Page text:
The Afghan government has refused to free Taliban prisoners, saying it would only encourage further abductions.
Douglas Shin, a South Korean pastor, told Al Jazeera: “They did their preparation for the trip. But they could have had a lower profile than using a tourist bus to travel the Kabul-Kandahar road.”
“But it also believes that it would be worthwhile to use flexibility in the cause of saving the precious lives of those still in captivity.”
A South Korean civic group criticised the US for refusing to get more involved in the standoff, saying it was as if the US was watching “a fire across a river”.
The Afghan government explicitly said for the first time on Tuesday that it would not release Taliban prisoners – the group’s chief demand to free the captives.
In March, Karzai authorised the freeing of five Taliban fighters for the release of an Italian reporter, but called the exchange a one-time deal.
Tom Casey, a spokesman for the US state department, said there was regular contact between US and South Korean officials on the standoff, but would not comment on specifics.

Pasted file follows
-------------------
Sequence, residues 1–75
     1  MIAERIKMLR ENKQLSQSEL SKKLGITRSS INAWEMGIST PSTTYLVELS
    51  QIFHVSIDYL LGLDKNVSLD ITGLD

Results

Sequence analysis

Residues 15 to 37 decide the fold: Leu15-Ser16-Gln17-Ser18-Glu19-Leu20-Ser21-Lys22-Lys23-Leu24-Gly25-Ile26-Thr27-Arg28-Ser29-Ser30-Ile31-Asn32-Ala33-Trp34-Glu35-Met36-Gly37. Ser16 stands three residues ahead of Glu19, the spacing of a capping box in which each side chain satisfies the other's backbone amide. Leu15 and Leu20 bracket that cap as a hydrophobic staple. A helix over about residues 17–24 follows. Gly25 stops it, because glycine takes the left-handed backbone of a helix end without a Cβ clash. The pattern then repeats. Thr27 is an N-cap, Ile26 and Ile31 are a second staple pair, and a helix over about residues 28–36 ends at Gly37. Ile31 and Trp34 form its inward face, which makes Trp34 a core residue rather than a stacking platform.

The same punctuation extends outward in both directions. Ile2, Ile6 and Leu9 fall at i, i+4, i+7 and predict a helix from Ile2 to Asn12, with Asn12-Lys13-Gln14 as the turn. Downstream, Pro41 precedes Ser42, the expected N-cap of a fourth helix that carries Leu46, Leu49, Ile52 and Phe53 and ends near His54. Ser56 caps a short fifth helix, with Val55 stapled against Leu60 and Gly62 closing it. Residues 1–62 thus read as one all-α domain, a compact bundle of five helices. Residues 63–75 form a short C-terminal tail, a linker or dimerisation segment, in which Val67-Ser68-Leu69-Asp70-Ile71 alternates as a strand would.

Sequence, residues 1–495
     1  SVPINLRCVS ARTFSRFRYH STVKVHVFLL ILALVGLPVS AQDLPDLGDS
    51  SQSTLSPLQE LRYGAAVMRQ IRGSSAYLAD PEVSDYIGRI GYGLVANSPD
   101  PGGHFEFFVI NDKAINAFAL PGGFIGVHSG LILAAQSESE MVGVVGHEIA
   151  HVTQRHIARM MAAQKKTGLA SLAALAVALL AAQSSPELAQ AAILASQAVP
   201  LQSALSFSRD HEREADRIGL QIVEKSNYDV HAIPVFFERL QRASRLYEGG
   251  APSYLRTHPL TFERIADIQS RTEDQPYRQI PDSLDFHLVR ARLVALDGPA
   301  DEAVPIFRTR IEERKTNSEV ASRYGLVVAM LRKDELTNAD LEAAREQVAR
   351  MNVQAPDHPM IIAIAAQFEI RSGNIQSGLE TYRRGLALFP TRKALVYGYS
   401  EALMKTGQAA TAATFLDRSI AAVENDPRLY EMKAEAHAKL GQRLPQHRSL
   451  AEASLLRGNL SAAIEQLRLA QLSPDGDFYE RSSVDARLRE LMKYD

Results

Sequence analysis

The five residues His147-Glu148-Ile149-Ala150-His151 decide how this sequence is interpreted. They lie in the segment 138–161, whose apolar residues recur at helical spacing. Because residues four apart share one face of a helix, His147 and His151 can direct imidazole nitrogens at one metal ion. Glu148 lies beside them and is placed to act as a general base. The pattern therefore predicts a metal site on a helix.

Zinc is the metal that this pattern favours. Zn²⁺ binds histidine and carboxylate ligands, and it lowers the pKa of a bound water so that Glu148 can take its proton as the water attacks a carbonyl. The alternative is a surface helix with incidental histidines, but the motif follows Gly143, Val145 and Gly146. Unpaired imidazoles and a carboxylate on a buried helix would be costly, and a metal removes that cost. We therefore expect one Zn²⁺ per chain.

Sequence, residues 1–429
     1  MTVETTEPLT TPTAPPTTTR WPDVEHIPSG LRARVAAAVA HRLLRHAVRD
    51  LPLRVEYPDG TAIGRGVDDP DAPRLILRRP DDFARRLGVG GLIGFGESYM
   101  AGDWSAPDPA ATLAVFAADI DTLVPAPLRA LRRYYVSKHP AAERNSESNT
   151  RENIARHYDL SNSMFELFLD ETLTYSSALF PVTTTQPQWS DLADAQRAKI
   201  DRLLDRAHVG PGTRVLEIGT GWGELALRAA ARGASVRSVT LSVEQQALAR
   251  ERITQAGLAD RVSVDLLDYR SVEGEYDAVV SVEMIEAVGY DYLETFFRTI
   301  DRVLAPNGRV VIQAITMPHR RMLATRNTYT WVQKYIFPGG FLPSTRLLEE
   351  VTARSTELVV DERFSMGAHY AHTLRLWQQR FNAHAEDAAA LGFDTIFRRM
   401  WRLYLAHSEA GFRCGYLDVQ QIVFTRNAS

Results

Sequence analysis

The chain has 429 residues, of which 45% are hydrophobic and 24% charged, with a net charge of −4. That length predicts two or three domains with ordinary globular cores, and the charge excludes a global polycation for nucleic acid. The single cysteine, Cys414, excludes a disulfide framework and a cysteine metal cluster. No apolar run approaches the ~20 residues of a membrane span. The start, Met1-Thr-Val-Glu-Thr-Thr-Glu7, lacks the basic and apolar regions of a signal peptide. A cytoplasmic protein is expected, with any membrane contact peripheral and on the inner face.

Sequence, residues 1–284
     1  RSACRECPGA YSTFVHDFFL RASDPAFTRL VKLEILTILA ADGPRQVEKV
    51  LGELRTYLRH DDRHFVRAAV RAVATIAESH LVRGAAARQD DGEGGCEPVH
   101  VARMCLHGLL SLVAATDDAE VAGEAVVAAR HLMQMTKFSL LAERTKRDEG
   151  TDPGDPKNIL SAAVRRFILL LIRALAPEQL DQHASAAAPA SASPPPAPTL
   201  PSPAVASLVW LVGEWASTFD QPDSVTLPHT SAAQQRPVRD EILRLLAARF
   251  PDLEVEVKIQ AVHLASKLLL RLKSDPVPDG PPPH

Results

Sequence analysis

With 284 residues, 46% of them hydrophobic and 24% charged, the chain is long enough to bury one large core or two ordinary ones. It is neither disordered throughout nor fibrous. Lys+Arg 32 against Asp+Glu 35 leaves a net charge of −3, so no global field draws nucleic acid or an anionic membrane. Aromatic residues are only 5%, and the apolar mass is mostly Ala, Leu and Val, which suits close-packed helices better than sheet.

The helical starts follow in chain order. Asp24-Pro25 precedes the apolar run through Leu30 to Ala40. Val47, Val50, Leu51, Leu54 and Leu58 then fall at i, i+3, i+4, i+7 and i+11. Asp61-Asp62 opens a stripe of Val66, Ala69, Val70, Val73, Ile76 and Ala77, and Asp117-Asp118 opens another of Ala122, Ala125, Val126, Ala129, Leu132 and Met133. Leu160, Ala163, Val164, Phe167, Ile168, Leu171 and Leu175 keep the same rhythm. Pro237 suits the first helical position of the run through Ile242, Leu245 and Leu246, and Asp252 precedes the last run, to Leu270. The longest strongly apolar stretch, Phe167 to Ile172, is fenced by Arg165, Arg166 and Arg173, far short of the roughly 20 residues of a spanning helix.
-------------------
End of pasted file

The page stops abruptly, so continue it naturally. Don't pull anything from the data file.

Afghan judges killed
In a separate development, the bodies of four Afghan judges kidnapped nearly two weeks ago have been found in the same province where Taliban fighters are holding the South Koreans.
|The bound feet of two of the judges [AFP]|
A photographer for Agence France-Presse, the French news agency, said he had seen the bodies of the four men.
He said one had been shot in the head, the others in the body, and that their feet had been bound.
Police said the bodies had been dumped in a village in the southern Ghazni province.
The Taliban had claimed to have kidnapped the four but did not immediately confirm it was responsible for their murder.
Mohammad Zaman, a deputy police chief, said the men were judges from the neighbouring province of Paktika.
He said: “They were killed and their bodies were found in Dehyak district last night.”